CM . . .
. Volume XII Number 6 . . . . November 10, 2005
The Desert Hawk relates the story of James F. "Stocky" Edwards, one of Canada's greatest WWII air aces, from his childhood to the present time. Broken into 14 Chapters and a prologue, his story is told in chronological order. The first chapter, "Prairie Boy," covers his childhood. The next three chapters, "Joining Up," "Taking Flight," and "A Long Way From Home," take readers through training and to England. The heart of the book, covering eight chapters from page 42 to page 111, tells the story of Jim's adventures during the war. At the end of the war, he is only 24-years-old, an experienced fighter pilot who had shot down more than 20 enemy aircraft, and he holds the rank of Wing Commander. Most of his combat experiences take place in North Africa. The final two chapters cover Jim's life after the war. The book includes: "A Note on Names," "A Note on Aces,” a "Glossary," "Acknowledgments," "Picture Credits" and biography of the author. The volume also contains one map of the theatre of war and 25 black and white photographs from the period. The photographs are generally on the small size, most being less than half a page.
The story, which is told in plain English, presents Jim Edwards as an average Canadian boy, growing up on the prairies and loving hockey. The pictures fit in well with the tale, and the information provided will not confuse the young reader. There are descriptions of life in the desert and dog-fights between fighter planes. The author also brings in the personal family details about the thoughts and life of the young boy growing up and going off to war. One advantage is that James Edwards provided many of the photographs and was available for interviews to confirm and personalize the details in the story.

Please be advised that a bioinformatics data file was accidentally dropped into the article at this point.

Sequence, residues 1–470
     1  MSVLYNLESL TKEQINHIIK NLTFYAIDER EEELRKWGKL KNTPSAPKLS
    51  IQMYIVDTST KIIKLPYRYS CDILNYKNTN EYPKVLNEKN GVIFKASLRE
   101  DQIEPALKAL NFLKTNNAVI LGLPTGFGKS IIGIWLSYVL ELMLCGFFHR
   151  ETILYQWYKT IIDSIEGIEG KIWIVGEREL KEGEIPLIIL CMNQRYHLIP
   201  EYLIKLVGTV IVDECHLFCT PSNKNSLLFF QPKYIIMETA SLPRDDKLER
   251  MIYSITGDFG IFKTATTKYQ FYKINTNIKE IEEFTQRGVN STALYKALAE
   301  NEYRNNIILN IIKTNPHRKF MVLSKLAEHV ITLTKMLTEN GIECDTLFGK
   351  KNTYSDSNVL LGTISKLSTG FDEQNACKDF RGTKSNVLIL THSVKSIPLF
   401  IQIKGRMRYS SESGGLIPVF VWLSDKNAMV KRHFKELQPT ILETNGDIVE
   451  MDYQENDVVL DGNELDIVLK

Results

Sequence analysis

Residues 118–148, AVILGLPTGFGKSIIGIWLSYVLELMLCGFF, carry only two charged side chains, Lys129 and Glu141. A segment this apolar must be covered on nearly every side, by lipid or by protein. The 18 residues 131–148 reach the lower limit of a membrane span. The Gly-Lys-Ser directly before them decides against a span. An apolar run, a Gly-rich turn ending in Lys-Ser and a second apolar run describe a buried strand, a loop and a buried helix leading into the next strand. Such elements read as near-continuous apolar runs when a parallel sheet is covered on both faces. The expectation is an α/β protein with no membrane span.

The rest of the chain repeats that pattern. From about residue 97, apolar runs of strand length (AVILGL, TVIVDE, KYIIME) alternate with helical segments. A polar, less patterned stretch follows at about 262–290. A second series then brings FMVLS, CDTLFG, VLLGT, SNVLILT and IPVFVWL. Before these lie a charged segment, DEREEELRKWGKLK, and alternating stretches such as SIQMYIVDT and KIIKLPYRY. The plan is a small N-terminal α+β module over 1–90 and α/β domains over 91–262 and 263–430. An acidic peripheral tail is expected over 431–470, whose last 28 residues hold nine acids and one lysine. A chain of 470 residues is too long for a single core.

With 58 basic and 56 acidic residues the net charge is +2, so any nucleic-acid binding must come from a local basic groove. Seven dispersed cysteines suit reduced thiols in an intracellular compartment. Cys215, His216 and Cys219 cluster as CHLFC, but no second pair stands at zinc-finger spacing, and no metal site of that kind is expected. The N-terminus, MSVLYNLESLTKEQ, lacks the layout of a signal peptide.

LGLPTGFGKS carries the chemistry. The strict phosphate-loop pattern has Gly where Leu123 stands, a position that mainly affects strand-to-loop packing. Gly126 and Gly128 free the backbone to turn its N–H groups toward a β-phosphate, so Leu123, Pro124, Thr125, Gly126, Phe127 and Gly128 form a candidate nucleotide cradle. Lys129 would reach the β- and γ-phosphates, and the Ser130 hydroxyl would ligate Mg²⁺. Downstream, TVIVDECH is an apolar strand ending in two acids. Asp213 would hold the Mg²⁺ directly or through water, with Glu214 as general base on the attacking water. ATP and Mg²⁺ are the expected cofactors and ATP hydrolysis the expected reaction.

Because the book includes the story of James Edward's life before and after the war and is filled with personal details, it will appeal to a broader range of readers than just the individual in search of a tale described as "daring, death-defying, miraculous and heroic." James Edwards overcame several obstacles and lived to learn from his mistakes. His story is an example of someone who knew what he wanted to do and persevered to do it.
Ronald J. Hore, involved with writer's groups and writer's workshops for several years, retired from the business world in Winnipeg, MB.
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Copyright © the Manitoba Library Association. Reproduction for personal use is permitted only if this copyright notice is maintained. Any other reproduction is prohibited without permission.